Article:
Smaller scale helps regional OTT platforms ride bumps

Hyperlocal content and slow start have given such platforms’ time to evaluate the market and they believe catering to a specific niche has its own advantages. (Reuters)
Hyperlocal content and slow start have given such platforms’ time to evaluate the market and they believe catering to a specific niche has its own advantages. (Reuters)


  • Aha video, Planet Marathi, OM TV say they haven’t cut budgets as they started cautiously

With subscriptions hitting a plateau and large, foreign OTT platforms controlling budgets, smaller streaming services that focus on specific regional languages or a certain genre may be at an advantage thanks to their smaller scale. Platforms like aha video, Planet Marathi, OM TV and others say they haven’t had to cut budgets since they started cautiously and have benefited from catering to region-specific audiences. Their hyperlocal content and slow start have given them time to evaluate the market and they believe catering to a specific niche has its own advantages. Many are looking to scale up and seek funding.

“Being a homegrown player has distinct advantages. Our proximity to consumers enables us to have a better understanding of their expectations. Although rising content acquisition costs may pose a challenge, we leverage our flexibility to make strategic bets that enable us to make smart purchases while keeping a close eye on acquisition costs," said Rakesh C.K., head - SVoD and business strategy of aha, an OTT platform that primarily offers content in Telugu and Tamil. The company is also experimenting with content formats that help it tap newer audience categories while collaborations with hyperlocal partners are instrumental in expanding reach, C.K. added.

Akshay Bardapurkar, founder of OTT platform Planet Marathi said instead of reducing output, smaller players like them are trying to be completely sure of what they put out. “Ironically, the costliest shows are not the biggest successes. It is the small ones, more rooted in local sensibilities that work," he pointed out.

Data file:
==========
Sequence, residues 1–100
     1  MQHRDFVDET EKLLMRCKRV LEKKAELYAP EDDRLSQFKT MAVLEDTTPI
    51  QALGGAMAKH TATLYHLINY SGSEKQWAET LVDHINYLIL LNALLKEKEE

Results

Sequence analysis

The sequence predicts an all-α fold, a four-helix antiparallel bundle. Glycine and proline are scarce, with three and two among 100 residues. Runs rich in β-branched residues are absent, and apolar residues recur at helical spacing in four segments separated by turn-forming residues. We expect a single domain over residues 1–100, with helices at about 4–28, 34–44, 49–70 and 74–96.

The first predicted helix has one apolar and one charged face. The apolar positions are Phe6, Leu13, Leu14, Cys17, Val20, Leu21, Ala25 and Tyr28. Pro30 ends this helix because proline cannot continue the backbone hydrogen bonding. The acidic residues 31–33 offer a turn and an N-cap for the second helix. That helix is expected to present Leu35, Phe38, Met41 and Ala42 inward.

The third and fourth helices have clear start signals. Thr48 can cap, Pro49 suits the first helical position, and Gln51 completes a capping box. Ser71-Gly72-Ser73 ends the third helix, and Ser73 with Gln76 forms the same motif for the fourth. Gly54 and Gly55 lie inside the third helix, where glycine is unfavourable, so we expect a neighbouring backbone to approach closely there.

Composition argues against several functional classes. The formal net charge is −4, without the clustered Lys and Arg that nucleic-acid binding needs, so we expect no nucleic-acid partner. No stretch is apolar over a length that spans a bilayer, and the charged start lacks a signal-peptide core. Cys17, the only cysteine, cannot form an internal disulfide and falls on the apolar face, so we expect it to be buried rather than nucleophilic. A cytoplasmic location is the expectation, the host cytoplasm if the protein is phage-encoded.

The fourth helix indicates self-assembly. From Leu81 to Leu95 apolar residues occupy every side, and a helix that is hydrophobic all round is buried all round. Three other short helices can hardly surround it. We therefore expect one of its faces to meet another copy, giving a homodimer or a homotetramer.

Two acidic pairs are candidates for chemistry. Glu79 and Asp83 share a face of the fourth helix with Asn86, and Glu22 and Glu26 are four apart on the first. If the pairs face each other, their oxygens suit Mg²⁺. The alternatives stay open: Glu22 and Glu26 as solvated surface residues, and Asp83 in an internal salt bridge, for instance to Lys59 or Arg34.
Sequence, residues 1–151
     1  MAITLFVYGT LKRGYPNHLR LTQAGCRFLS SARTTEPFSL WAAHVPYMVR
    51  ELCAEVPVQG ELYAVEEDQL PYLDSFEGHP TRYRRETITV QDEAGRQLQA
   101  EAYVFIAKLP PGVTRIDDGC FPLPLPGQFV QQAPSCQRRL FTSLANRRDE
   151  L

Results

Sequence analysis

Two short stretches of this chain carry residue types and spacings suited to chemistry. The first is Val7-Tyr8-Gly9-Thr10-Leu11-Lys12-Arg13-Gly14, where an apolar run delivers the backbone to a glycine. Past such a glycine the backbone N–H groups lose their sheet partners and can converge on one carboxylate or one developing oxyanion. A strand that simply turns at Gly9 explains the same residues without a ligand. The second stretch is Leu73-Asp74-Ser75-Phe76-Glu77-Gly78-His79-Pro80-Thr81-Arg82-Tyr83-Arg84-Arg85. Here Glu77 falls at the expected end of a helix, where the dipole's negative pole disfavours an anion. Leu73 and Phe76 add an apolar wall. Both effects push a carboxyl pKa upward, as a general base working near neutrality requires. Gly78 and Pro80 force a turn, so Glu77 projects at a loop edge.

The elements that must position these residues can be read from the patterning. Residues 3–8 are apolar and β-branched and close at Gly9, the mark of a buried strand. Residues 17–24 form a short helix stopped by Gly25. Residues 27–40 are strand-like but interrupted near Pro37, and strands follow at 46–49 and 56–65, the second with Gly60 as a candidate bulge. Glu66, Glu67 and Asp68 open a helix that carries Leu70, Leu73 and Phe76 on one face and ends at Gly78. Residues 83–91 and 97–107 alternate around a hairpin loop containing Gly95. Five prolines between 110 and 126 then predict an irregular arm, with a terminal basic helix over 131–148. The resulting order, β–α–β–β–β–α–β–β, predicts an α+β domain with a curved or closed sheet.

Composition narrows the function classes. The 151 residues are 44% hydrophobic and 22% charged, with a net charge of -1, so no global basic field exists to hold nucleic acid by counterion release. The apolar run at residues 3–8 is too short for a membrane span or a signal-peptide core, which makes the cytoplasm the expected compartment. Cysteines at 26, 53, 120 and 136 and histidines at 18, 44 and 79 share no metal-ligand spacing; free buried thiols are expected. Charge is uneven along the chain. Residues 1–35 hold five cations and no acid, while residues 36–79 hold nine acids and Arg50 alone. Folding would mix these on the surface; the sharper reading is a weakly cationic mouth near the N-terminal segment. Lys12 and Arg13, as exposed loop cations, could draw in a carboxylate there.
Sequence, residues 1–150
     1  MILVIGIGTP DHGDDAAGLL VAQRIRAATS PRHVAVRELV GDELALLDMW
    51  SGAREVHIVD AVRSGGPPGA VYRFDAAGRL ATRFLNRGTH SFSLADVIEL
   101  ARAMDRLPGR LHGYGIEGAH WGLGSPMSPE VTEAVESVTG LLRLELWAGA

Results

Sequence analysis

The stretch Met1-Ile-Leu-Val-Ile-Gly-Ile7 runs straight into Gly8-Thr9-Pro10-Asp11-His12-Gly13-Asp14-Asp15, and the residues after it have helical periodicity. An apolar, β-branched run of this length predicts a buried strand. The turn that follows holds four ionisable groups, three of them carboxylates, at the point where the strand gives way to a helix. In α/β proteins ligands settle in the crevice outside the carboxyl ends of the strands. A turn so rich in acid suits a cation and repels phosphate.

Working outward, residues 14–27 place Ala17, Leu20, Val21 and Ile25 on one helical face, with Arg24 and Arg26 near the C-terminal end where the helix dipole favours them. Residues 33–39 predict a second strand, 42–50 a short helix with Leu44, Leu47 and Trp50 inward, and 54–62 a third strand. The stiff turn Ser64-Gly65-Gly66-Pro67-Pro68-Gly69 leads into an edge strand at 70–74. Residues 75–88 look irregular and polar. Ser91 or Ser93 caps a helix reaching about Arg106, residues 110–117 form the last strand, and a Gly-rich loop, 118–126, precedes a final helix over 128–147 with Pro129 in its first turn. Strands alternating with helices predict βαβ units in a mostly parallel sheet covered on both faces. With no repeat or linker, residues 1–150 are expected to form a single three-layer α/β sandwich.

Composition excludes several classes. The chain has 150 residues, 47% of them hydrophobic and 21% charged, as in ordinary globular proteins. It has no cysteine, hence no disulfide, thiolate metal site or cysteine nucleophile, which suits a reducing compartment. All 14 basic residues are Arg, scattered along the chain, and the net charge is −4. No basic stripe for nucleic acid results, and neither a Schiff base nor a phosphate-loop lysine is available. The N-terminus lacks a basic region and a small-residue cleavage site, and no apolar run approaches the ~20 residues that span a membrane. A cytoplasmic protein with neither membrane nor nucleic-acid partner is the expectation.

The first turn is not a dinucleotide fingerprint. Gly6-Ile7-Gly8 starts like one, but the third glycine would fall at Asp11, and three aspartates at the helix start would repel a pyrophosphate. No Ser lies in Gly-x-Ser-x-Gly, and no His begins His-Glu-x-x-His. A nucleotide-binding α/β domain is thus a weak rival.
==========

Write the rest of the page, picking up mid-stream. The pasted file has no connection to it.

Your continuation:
In a way, smaller players do not compete with international giants when it comes to content offerings, Rajat Agrawal, director of Ultra Media and Entertainment Group that owns Marathi OTT Ultra Jhakaas, said. “To battle rising prices and competition, they need to adopt tiered pricing models, offering different subscription plans with varying levels of content access and features. Bite-sized subscription plans work better. They may adopt a more targeted marketing strategy, focusing on digital advertising and organic growth through social media, influencer collaborations, and word-of-mouth promotion, rather than expensive traditional marketing campaigns," Agrawal said.

That said, smaller, homegrown OTT platforms face unique challenges in an environment where even foreign rivals are controlling costs, said Keerthi R Kumar, business head, south, at digital advertising agency FoxyMoron said.

“One of the key challenges is competing with the vast resources and extensive content libraries of larger players. To battle competition and rising prices, smaller players typically focus on differentiating themselves by offering niche content that cater to specific audience segments or by providing localized and regional content that resonate with their target market. Additionally, smaller players often prioritize fostering strong relationships with content creators and investing in original content that stand out from the offerings of their competitors. This can help them build a loyal following and establish a unique brand identity in the market. Collaboration with other smaller players and focus on region or language specific content is a possible outlet as well to stay ahead of the curve," Kumar said.

The approach of homegrown players has been different, said Nitin Jai Shukla, founder and managing director of OM TV, an app for spiritual content.

Because they didn’t start by operating at levels where production values or infrastructure costs were massive, they’ve always been cautious. “India is a diverse country and you can cater to several niches in terms of language or demography even if production values are not high," Shukla said adding that the company is also in talks with aggregators and a Marathi language OTT platform to collaborate on content in order to strengthen its play.

Similarly, this June, BookMyShow Stream had partnered with MUBI, a platform known for international content to bring world cinema titles to the TVoD (transaction video-on-demand) platform. While bigger players will continue getting support from their parent companies, smaller OTTs who have already bridged the gap on a vernacular level, will have to maintain their momentum of constantly evolving and producing newer content, said Shivani Kamdar, associate creative director at digital agency SoCheers. “There are two things these homegrown brands have already identified and gotten right. One, to adopt short-form videos, which adds to the advantage of hyperlocalising the content. And two, endorsing newer talent that not only drive newer audiences but also come cheap," Kamdar said.

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